Evaluation and Management Documentation Guidelines Are Unacceptable to AAFP
Neil H. Brooks, M.D., Rockville, Conn., president of the American Academy of Family Physicians, testified before the Practicing Physicians Advisory Council, known as PPAC, that “the new evaluation and management document guidelines as currently constructed are unacceptable and cannot be fixed by minor alterations.” The March 16th meeting of the PPAC, at which witnesses from the AAFP, the American College of Physicians, the American Society of Internal Medicine and the American Medical Association testified, focused on the concerns of physicians with the new guidelines, which are scheduled for implementation on July 1, 1998. Dr. Brooks emphasized that the guidelines interfere with patient care, and because of the requirement that a physician document an extensive list of points and virtually all “negatives,” it may actually be more difficult for the physician to locate the pertinent clinical information in the record. His concerns were echoed by colleagues from other medical specialty societies. Dr. Brooks urged the Health Care Financing Association to recall the guidelines, suspend the July 1 implementation date and begin a collaborative process with the physician community to develop a workable proposal for documentation of evaluation and management services.
Initial Fill Rates for Family Practice Residency Programs Are Announced
Preliminary information available from the National Resident Matching Program (NRPM) indicates that the initial 1998 national fill rate for family practice residency programs is 2,814 positions filled out of 3,293 available positions (85.5 percent). In 1997, the initial number of students who selected family practice was 2,905 (89.1 percent of the 3,262 available positions). Ninety-one fewer positions (3.1 percent) were filled in 1998, compared with 1997. This is the first year since 1991 that fewer positions in family practice were filled through the NRMP than the year before. The percentage of students matching with family practice residencies has ranged from 65.0 percent in 1991 to the record of 90.5 percent in 1996. The 1998 figure, while down from 1997, is the third-highest match for family practice in history. “We are pleased that, in light of what many have called an environment of ‘primary care backlash,’ close to 3,000 residency applicants have elected family practice as their specialty of choice,” said AAFP President Neil Brooks, M.D.”
In addition to family practice, the three other primary care specialties experienced decreased numbers of students choosing their residency programs. These include pediatrics-primary, internal medicine-primary and internal medicine-pediatrics. However, for the fourth year in a row, more medical school seniors chose to go into primary care (56 percent) than into subspecialties. Detailed information on the 1998 residency match program can be found on the AAFP Web site (https://www.aafp.org/match/) or the Web site of the Association of American Medical Colleges (http://www.aamc.org).
Persons with Health Problems Still Face Barriers to Obtaining Insurance
A new study of the individual health insurance markets in 10 states has identified major barriers to obtaining health insurance for people with health problems. For many people who have health problems or who are approaching the age of retirement, coverage through the individual health insurance market may be too expensive or may be denied altogether, according to the report. Premiums in the individual markets vary significantly based on the age of the applicant. Six of the 10 states reviewed in the study allowed insurers to deny coverage to persons with a history of such health problems as rheumatoid arthritis, chronic headaches, kidney stones, angina, heart disease and stroke. The study was conducted by the Alpha Center for the Henry J. Kaiser Family Foundation. A report released by the General Accounting Office found similar barriers to health insurance coverage. At a news conference in March following publication of the reports, President Clinton chastised the insurance industry for such practices and vowed to strengthen the 1996 Health Insurance Portability and Accountability Act.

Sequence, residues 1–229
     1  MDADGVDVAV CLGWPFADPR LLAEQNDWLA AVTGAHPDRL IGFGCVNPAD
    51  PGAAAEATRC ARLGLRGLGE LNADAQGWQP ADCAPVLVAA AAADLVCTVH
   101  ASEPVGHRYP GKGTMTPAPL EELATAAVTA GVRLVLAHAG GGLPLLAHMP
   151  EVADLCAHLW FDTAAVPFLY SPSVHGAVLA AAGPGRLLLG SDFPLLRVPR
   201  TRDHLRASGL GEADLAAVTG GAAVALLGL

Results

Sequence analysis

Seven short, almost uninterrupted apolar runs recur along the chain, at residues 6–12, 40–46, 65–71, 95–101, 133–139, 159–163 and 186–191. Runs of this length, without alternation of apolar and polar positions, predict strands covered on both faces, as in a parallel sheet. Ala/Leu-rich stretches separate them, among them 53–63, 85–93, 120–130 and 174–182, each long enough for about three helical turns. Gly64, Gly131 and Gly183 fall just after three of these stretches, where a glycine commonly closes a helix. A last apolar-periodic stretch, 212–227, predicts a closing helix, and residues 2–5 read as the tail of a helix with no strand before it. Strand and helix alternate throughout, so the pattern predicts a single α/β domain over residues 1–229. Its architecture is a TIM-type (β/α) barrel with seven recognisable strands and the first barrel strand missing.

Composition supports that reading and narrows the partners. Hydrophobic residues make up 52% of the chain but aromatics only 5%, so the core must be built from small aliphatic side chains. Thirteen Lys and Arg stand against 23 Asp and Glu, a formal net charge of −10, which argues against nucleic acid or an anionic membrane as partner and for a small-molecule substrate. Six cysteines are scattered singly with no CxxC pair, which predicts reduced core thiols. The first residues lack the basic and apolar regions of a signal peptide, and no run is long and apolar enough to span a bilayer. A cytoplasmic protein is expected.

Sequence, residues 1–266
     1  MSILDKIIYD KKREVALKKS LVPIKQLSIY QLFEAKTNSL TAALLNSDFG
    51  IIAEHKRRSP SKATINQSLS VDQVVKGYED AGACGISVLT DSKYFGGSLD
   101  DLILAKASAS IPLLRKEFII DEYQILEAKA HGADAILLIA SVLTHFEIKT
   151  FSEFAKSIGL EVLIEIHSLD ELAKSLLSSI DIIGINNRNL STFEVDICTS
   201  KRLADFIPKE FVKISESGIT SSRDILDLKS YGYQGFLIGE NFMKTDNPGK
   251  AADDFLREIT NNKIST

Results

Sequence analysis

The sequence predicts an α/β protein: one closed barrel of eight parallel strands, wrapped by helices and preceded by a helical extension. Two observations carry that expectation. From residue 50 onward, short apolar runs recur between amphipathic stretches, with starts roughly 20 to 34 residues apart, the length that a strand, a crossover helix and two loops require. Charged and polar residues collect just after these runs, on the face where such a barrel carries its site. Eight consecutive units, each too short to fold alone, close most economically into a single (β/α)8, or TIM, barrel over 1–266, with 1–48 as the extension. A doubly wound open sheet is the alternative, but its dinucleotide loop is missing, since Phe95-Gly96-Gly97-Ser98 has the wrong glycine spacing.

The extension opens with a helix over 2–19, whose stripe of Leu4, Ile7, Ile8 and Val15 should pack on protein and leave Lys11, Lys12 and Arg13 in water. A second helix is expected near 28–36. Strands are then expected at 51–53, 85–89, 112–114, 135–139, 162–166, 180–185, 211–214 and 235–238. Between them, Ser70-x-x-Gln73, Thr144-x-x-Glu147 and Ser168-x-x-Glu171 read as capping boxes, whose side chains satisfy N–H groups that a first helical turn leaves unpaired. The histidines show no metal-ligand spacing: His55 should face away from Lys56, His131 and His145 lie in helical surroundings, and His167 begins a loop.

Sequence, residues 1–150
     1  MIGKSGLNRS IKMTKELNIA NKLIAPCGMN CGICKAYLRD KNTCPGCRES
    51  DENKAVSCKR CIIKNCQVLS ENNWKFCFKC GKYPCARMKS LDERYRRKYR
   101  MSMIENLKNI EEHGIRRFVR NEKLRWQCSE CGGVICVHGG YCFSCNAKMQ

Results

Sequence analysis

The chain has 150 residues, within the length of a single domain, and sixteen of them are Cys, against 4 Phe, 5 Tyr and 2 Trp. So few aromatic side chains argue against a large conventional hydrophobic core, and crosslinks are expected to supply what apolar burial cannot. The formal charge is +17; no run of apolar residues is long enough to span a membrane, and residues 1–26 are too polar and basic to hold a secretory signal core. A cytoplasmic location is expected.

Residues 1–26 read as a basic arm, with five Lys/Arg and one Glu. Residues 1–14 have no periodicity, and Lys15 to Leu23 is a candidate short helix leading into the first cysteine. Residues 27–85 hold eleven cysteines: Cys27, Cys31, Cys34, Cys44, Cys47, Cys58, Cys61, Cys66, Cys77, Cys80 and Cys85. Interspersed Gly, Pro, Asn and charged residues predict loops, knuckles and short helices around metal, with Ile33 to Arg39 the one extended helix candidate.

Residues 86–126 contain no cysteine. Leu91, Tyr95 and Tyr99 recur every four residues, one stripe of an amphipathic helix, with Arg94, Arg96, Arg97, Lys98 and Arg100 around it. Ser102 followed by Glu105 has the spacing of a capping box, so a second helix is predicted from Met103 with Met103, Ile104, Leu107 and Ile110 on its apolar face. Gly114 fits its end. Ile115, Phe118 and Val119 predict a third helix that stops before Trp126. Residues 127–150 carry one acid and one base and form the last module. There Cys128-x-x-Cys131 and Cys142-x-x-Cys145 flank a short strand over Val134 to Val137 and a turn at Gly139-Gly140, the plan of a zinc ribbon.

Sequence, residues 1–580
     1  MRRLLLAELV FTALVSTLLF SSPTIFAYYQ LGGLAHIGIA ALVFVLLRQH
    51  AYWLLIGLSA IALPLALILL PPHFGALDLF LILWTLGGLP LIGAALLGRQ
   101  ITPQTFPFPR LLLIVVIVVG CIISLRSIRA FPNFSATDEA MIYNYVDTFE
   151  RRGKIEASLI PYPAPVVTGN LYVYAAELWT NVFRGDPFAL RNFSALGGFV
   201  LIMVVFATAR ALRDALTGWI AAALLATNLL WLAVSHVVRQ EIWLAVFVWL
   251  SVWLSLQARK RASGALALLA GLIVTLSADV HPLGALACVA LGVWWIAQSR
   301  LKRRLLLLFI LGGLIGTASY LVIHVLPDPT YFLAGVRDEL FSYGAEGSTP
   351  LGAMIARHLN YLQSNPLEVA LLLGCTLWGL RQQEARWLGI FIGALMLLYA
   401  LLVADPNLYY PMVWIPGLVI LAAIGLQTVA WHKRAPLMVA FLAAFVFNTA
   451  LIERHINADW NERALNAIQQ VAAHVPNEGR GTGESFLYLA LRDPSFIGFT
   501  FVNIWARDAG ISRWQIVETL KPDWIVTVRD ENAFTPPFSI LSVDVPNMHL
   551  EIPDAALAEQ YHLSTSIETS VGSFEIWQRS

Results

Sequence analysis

Health Care Spending Increased Slightly in 1996
Statistics released from the Department of Health and Human Services show that health care costs only increased 4.4 percent in 1996. This percentage of increase is the lowest in 37 years. Total national health care costs topped the $1 trillion mark for the first time in 1996, increasing from $991.4 billion in 1995 to $1.04 trillion. Medicare and Medicaid expenditures were $351 billion, more than one third of the total health care bill. The average amount spent per person in 1996 was $3,759. Health care spending as a share of gross domestic product remains at 13.6 percent, where it has been since 1993, after almost a decade of increases. The report appears on the Internet at http://www.dhhs.gov.
COLA Offers Guide to Simple Laboratory Testing
The Commission on Office Laboratory Accreditation (COLA), a national health care accreditation organization, has made available the “COLAGuide to Simple Laboratory Testing: Laboratory Education for Waived and PPM Testing,” a package of materials specifically directed to help waived and provider performed microscopy (PPM) laboratories improve the quality of their laboratory testing. The guide is available to all health care professionals for a fee. For more information about COLA or to purchase the guide, contact COLA at 800-981-9883 or visit the COLA Web site at http://www.cola.org.